This article was originally published in The Notebook. In August 2020, The Notebook became Chalkbeat Philadelphia.
Thursday will mark the partial return of in-person Board of Education meetings in Philadelphia, as administrators and board members meet in person for a semi-virtual session at District headquarters.
District officials say the public will not be permitted to attend the evening session in person, due to health guidelines limiting the size of public gatherings, and can instead watch live-streamed video, as in recent virtual meetings.
But board members and District officials will meet face to face for the first time since March, and officials hope the in-person session will pave the way for more inclusive meetings to come. Board spokesperson Janice Hatfield called the hybrid session “a test to understand the technological needs and challenges in conducting in-person board meetings.”
Hatfield said the session would be partially in-person so that board members can “stand in solidarity with our school communities, as they navigate the challenges of remote learning and the eventual and safe return to their classrooms.”
As at previous virtual sessions, committee members will read summaries of submitted public testimony into the record. Testimony will also be posted on the District website.
The meeting, scheduled from 4 to 6 p.m., will serve as a joint session for two board committees, Student Achievement & Support and Finance & Facilities. Each is intimately engaged with different aspects of the District’s reopening plans.
The board will hear the latest updates and public feedback on those plans and also consider a proposed three-part, $700,000 consulting contract meant to help the District improve its pandemic planning while better confronting issues of systemic racism.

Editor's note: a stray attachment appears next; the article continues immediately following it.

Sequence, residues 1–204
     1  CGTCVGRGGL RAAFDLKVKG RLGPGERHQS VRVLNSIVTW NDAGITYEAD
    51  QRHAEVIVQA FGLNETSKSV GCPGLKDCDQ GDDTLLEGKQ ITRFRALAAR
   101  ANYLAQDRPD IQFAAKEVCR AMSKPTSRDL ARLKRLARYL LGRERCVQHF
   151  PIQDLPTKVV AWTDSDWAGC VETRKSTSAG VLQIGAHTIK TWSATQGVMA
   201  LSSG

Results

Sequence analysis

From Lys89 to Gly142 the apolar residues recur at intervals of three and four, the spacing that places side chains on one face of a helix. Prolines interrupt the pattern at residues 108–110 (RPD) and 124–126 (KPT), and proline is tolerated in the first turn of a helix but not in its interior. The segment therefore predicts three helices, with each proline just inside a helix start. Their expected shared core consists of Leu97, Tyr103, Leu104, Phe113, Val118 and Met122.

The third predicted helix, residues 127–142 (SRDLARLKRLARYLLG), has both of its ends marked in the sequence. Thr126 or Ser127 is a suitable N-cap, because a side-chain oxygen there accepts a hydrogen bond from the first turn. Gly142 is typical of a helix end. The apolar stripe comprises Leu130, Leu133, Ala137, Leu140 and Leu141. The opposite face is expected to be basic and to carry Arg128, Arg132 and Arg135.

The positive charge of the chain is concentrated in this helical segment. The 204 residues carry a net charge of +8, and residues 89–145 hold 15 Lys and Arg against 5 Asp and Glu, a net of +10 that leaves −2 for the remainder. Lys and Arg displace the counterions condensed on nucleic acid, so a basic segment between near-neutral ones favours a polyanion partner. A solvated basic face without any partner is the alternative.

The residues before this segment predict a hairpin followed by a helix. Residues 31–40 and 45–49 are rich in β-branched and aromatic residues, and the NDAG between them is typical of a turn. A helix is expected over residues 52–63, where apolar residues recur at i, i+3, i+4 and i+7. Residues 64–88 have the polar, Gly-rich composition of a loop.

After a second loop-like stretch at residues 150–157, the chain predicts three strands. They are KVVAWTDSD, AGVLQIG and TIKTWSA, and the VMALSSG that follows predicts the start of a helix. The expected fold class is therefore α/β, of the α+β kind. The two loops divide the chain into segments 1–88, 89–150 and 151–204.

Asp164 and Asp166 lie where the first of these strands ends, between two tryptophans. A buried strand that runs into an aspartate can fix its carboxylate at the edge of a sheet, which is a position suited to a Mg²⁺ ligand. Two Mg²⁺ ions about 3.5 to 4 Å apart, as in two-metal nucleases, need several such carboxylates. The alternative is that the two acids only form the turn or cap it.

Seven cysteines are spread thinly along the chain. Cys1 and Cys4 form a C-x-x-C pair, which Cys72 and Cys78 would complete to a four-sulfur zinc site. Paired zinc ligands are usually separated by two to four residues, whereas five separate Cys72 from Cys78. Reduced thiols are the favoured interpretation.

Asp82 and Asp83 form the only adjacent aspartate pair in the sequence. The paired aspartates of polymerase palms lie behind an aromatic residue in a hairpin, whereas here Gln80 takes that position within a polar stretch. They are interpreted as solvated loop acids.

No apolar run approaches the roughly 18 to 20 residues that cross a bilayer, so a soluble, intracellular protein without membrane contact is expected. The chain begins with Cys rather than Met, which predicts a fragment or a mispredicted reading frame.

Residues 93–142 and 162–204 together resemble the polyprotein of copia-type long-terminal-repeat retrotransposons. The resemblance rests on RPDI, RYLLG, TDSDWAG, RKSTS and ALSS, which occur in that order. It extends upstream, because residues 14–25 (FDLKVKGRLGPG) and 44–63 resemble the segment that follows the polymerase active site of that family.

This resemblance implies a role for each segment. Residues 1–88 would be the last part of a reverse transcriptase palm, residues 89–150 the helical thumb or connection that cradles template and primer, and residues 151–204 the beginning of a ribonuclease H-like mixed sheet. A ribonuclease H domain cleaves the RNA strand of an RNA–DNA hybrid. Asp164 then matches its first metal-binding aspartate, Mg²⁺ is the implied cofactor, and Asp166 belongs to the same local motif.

Critics on social media have questioned the value of that contract, most of which is earmarked for training the District’s 700-person central office staff in various administrative skills, including “project management, supervisory skills … and MS Office/Google Suite.”
But $150,000 is for an antiracism component that aims to “build awareness, urgency, and capacity for antiracist leadership” within the District’s 110-member “Executive Team.”
“Haven’t we spent enough on Hite’s executive suite and team?” tweeted teacher K.R. Leubbert. “These consulting firms are running the biggest grift in the world.”
Lisa Haver of the Alliance for Philadelphia Public Schools (APPS) said her group would testify about the proposal and asked: “Is this essential at this time?”
And teacher Ismael Jimenez, a member of the Caucus of Working Educators, said it was improper for the District to pay consultants for antiracism work while also asking staff to contribute to such efforts for free.
“There are many organizations and … educators doing the work in the city for years who are now disrespectfully being asked to volunteer time,” Jimenez tweeted.
But District officials say the proposed deal with KJR Consulting of Massachusetts, specializing in organizational efficiency and customer service, would improve the District’s internal planning and “change management” capacity. The District’s lack of planning and project management capacity has been a known weakness since last year’s surprise wave of asbestos-related school shutdowns revealed that the District does what Board President Joyce Wilkerson called “an inadequate job managing complex projects.”